Hello everyone. I hope your week has been well thus far. I’m certain everyone is eagerly awaiting the weekend. I know I am. We have a lovely downtown art fair to attend on Sunday, so it should make for a nice time. Today is my father’s birthday, so happy 66th, Dad!
Last time, I spoke about the racist views of classic authors and how we handle them. Today, I want to discuss how we write about racism in our own contemporary works. My first and immediate thought is that we should abstain from any form of racism in our writings. I always view the written word as another expression of art, and I feel that such derogatory language (racist language – I will handle others forms later on) would only clutter up the canvas upon which we paint, proverbially speaking. There is no room, I believe, in the beautiful for the ugly.
Most importantly, I believe we should ever strive to heal the wounds of the past with our expressions today. In order to create new mindsets, we need to move away from the sins of the past and design the positive future we pursue. We cannot do that if we are inundating our novels with the evils of the past. Such history should not be forgotten, but we can recall the past adequately without the derogatory sentiments.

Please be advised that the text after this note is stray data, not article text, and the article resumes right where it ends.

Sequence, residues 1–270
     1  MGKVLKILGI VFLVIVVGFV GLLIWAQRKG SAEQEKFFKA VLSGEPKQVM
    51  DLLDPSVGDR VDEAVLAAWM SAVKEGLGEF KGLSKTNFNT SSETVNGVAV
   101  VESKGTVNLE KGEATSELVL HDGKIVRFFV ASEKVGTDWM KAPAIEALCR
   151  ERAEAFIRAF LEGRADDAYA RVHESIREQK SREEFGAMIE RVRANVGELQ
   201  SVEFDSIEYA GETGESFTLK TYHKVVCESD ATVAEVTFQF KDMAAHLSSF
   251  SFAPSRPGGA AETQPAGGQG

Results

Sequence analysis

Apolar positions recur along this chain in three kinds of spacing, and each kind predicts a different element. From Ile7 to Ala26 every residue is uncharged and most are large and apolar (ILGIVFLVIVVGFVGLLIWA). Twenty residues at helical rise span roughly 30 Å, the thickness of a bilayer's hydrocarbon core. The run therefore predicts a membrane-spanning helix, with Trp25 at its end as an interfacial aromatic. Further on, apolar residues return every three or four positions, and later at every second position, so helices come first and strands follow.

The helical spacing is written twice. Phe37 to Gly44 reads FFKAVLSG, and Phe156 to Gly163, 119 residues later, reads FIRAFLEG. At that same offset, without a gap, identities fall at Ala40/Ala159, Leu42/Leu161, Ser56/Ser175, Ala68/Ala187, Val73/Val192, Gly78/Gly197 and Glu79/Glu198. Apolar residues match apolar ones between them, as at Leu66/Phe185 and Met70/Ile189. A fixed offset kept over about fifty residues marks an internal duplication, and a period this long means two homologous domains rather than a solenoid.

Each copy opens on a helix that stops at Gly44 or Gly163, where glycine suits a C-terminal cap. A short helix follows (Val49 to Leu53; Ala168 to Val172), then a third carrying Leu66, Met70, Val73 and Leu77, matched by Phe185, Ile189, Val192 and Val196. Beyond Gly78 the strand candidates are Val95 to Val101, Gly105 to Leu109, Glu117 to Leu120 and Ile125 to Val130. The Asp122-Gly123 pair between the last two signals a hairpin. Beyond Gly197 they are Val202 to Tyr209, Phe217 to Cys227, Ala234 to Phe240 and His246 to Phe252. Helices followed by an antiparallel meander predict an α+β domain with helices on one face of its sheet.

On the other hand, if you are crafting a story about the US in 1953, authenticity must be the rule. You can’t create a utopia when one never existed. Rewriting history is horrible, as we are often prone to doing. Your story must be authentic and so it must run in the thread of the times. That does not mean your character has to use racist terms, as not all people always thought such, but it does mean you need a researched level of understanding as to how the people viewed one another at the time.
Still today, people cling to their modes of racism as their view of the world. That being said, if authenticity is key, you must express that in your writings. Perhaps it’s part of your character arc? Or maybe it’s how you craft your villain? Either way, if it’s how people engage with one another, then it must be done. Listening to two African American youths converse, or two Anglo Saxons or Latinos, authenticity must trump all. I hardly think “Good day, kind sir, and pray thee, what time hath thee?” would be suitable for Chicago in 1997, or 2016 Atlanta. We must craft dialogue that, though offensive to some, expresses the true nature of the episode.
Writing can also be a time capsule for out generation. Right now, in 2016 America, there is rampant a string of “Islamaphobia” and anti-Muslim sentiments are high. I don’t agree with that, but if I’m writing about my contemporary time, I need to include that. Maybe I would craft a character who tries to defend a Muslim friend from angry friends, or a person who hates Muslims until he has to work with one? It’s part of preserving our history, for good or for ill, in our writings. Through the history of writing, then, we can see the advances we have made, and how far we still have to travel.
Well, that is all for now. Any thoughts, feel free to share them below. As always, thanks for reading.
Please check out my debut novel, Autumn Leaves, at the links below. Thanks